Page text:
Democratic Governor Andy Beshear has laid down the law for any churches wishing to re-open for in-person services on May 20, burdening them with heavy restrictions and saying there will be “a lot of thresholds to meet.”
In guidelines issued by the state, we read that “Places of worship will be expected to meet the same Healthy at Work Minimum Requirements as businesses. In addition, places of worship will be expected to meet the requirements below in order to reopen and remain open.”
- Churches conducting drive-in services must ensure their congregants remain in their vehicles and not socialize through their vehicle windows.
- Churches conducting in-person services must limit attendance to no more than 33% of the building occupancy capacity.
- Maintain social distance between household units of at least six feet in all directions.
- Clergy, staff employees, volunteers and congregants must wear coverings (e.g., cloth mask or bandana) over their mouths and noses while attending services, to the greatest extent possible.
- No youth services, sunday school or childcare services allowed until June 15.
- Avoid congregational or choir singing during services and instead have alternatives to congregational singing, including by playing pre-recorded or live instrumental music (e.g. pianos and guitars – no wind instruments) during services.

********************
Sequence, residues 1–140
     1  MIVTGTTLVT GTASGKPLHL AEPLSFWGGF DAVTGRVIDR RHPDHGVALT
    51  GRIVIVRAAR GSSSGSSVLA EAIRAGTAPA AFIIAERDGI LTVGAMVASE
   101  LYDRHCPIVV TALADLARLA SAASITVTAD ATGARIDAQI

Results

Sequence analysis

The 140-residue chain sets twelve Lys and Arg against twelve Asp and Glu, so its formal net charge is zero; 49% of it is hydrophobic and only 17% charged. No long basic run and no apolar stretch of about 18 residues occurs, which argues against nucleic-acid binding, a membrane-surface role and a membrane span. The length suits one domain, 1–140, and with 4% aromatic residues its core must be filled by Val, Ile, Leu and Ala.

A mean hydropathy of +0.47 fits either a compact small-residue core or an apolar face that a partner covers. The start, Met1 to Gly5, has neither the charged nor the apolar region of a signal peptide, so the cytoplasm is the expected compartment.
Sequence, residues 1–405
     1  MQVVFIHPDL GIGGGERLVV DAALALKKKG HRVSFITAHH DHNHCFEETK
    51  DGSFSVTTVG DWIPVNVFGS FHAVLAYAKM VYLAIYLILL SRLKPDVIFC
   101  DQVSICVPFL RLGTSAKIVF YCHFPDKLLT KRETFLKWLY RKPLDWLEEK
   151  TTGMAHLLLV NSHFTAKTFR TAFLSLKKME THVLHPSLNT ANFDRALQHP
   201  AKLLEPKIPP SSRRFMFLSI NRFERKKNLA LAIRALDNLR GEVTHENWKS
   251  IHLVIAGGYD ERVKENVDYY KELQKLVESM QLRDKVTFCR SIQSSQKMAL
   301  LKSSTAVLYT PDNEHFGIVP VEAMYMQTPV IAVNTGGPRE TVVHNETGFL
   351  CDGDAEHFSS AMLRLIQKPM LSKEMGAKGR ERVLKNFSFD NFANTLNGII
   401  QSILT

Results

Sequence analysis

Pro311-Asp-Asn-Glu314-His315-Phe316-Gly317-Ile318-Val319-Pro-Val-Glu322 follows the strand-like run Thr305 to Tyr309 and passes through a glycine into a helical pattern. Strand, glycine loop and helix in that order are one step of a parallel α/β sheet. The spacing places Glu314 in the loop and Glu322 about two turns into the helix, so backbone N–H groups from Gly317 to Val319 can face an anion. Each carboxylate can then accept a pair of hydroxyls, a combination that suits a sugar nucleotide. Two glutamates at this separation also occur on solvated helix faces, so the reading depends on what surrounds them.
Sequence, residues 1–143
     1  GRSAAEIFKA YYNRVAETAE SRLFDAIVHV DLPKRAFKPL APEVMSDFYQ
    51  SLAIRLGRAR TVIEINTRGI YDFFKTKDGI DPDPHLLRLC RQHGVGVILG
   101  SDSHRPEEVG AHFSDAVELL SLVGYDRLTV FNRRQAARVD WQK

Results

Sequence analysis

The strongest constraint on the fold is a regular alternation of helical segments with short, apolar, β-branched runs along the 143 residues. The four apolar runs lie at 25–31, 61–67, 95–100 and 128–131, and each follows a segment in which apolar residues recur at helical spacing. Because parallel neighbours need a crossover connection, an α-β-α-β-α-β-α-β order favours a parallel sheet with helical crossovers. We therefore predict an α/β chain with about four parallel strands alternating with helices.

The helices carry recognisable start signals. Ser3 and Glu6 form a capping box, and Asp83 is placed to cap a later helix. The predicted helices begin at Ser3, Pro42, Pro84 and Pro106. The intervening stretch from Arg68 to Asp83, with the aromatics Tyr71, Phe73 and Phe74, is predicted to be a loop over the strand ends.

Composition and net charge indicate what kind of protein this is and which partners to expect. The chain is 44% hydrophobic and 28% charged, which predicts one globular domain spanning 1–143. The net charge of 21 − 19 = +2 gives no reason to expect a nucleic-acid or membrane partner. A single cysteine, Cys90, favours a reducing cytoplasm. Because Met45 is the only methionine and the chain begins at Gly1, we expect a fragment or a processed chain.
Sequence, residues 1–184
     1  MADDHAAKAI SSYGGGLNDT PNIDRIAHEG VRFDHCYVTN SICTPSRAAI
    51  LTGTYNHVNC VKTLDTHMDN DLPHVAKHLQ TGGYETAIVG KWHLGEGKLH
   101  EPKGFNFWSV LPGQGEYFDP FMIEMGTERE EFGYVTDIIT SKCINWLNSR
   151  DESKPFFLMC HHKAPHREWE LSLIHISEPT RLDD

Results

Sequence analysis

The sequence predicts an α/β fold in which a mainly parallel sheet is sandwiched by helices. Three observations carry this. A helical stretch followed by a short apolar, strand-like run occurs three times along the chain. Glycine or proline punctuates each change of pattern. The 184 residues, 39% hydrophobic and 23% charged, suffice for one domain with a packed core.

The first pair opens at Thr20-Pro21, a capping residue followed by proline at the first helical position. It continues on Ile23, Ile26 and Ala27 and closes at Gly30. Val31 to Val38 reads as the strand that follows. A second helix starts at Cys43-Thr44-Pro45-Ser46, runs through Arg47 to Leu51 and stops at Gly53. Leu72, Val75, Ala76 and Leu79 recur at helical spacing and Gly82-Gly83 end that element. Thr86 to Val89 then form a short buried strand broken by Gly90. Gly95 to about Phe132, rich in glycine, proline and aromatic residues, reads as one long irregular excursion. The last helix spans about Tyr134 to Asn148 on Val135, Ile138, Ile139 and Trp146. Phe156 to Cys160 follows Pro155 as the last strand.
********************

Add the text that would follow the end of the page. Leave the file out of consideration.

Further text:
- Take congregants’ temperatures and ask about signs of illness before admitting them into the place of worship. If they do take temperatures, they should consider using a non-contact thermometer or thermal imager.
- Display markers and signage in the sanctuary/meeting space to guide social distancing.
- Ensure restrooms are only used by one person at a time/
- Must, to the greatest extent practicable, provide hand sanitizer, handwashing facilities, tissues, and waste baskets in convenient locations.
- Not provide communal food or beverages to clergy, staff employees, volunteers, or congregants.
- Restrict access to common areas, to the greatest extent practicable, such as foyers, lobbies, vending areas, community and multi-purpose rooms, and event spaces.
- Refrain from the practice of handshaking, handholding, or hugging.
- Ensure appropriate signage is posted throughout their facilities to inform clergy, staff-employees, and congregants about good hygiene and new practices.
Kentucky Baptist Convention Executive Director Todd Gray, kowtowing to these restrictions said in a statement, “I am thankful for the hard work of Gov. Beshear and his team of advisors, as well as their outreach to faith leaders in working through the details of this plan,…While Kentucky Baptists are eager to return to in-person worship, they only want to do so in a safe and healthy manner. I believe they will find this plan reasonable, doable, and in the best interests of the health of their congregations.”
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